In central Barcelona on Thursday, xenophobic group Hogar Social, far-right party Vox and ultra nationalist group Espana 2000 rallied along with tens of thousands of families, couples and retirees for Spain's national day.
Not far off on Barcelona's mountain of Montjuic, several hundred other far-right supporters rallied, holding fiery speeches next to a stand selling memorabilia like Adolf Hitler's “political testament” or items marked with “SS”, the insignia of the Nazi elite force.
Small groups of far-right supporters have gathered on other occasions in Barcelona, or further afield in Valencia or the Balearic Islands – parts of Spain with strong regional identities – sparking scuffles.
While these types of incidents have happened in the past, some fear that the far-right could grow stronger if the face-off between Spain's central government and Catalan leaders who want to break away persists.
Far-right weak in Spain
“The longer the polarisation (in Spain) and the harder it is to resolve the conflict, the more the potential for these groups to get organised and gain political influence, or take to the streets,” says political analyst Pablo Simon.
“There have never been such big protests with Spanish flags, and that's what these groups are taking advantage of to grow bolder and expand.
“They're becoming more visible.”
Historian Xavier Casals, who specialises in the far-right, counters that there is currently no political party with a brand strong enough to capitalise on the Catalan crisis.
But he adds it is difficult to gauge what will happen as “the situation in Catalonia is evolving rapidly, with unpredictable and changing scenarios.”
Unlike other European countries such as France or Germany, Spain's far-right is very much on the margin and “has been hugely fragmented since the start of the 1980s,” says Jordi Borras, a photojournalist who has long studied the issue.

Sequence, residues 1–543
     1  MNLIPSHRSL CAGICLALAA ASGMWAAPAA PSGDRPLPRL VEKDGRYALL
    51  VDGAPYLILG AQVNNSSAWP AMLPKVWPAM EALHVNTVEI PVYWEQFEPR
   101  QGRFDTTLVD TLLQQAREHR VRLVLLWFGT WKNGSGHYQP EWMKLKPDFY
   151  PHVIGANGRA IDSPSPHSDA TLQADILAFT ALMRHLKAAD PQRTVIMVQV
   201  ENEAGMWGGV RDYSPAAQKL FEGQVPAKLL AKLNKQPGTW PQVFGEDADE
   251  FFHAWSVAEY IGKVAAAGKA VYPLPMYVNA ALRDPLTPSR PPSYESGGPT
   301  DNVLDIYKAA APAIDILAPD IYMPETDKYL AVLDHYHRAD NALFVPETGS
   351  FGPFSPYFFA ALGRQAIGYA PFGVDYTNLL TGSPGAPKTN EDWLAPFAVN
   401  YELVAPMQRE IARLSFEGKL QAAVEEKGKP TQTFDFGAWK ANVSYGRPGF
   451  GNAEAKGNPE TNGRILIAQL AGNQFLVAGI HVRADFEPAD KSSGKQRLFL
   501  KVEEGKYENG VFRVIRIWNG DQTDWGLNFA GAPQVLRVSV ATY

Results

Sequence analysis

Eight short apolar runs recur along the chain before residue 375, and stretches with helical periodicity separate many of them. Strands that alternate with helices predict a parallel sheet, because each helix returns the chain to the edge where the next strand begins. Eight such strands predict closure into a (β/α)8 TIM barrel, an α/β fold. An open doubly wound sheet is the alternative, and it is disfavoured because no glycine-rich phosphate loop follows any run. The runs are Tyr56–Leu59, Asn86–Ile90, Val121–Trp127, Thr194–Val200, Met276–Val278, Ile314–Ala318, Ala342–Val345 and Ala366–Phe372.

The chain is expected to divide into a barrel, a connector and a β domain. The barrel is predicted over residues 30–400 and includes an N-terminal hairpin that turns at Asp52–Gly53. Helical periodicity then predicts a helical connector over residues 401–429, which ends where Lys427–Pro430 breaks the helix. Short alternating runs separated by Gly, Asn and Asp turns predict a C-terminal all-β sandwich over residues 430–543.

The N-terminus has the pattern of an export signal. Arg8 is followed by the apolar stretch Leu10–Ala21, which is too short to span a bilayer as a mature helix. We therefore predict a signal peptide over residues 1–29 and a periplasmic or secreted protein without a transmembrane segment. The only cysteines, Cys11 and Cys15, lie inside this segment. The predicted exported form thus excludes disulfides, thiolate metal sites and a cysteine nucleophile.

The country's national parliament has not had any far-right lawmaker since 1982.
After Spain transitioned to democracy in the 1970s, the far-right found itself unable to broaden its appeal beyond nostalgia for Francisco Franco's 1939-1975 dictatorship, says Borras.
Not only that, but many people who identify with the far-right vote for Spain's conservative Popular Party, which is currently in power, he adds.
Catalyst of Spanish unity
But while issues such as immigration or Islamophobia federate the far-right in other countries, “the catalyst for Spain's far-right is Catalonia's independence movement, because their main obsession is guaranteeing Spain's unity,” says Borras.
On Thursday in Barcelona, Manuel Andrino, leader of the Falange, a small far-right party, pointed out in an angry speech that Madrid was hosting its traditional national day military parade.
“I don't think there's any parade to celebrate, and even less in Madrid. Our army needs to be here, now, with our compatriots,” he shouted.
Sociologist Narciso Michavila says that while opinion polls show “a rise of parties like Vox,” they still don't have much support.
But Catalan nationalist leaders, in his opinion, “have spread xenophobia with regards to other Spaniards,” with themes such as “Spain is robbing us,” in reference to a widely-used complaint that Catalonia pays more in taxes to Madrid than it gets back.
Michavila says this has contributed to the far-right's response to the Catalan crisis at a time of high political tension.
“At the end of the day, extremes need each other,” he says.
“They live off this radicalness and this confrontation.”
Borras, meanwhile, says he has “been warning for a while that things will escalate.”
“It's very probable that there will be more incidents.”
By Marianne Barriaux and Alvaro Villalobos